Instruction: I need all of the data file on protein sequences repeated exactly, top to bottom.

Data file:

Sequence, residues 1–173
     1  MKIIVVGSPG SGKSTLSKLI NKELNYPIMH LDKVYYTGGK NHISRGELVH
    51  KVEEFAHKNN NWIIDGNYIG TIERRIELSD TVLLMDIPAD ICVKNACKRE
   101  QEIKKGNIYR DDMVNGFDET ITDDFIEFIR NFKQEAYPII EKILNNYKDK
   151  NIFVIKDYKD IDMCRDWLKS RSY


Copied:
Sequence, residues 1–173
     1  MKIIVVGSPG SGKSTLSKLI NKELNYPIMH LDKVYYTGGK NHISRGELVH
    51  KVEEFAHKNN NWIIDGNYIG TIERRIELSD TVLLMDIPAD ICVKNACKRE
   101  QEIKKGNIYR DDMVNGFDET ITDDFIEFIR NFKQEAYPII EKILNNYKDK
   151  NIFVIKDYKD IDMCRDWLKS RSY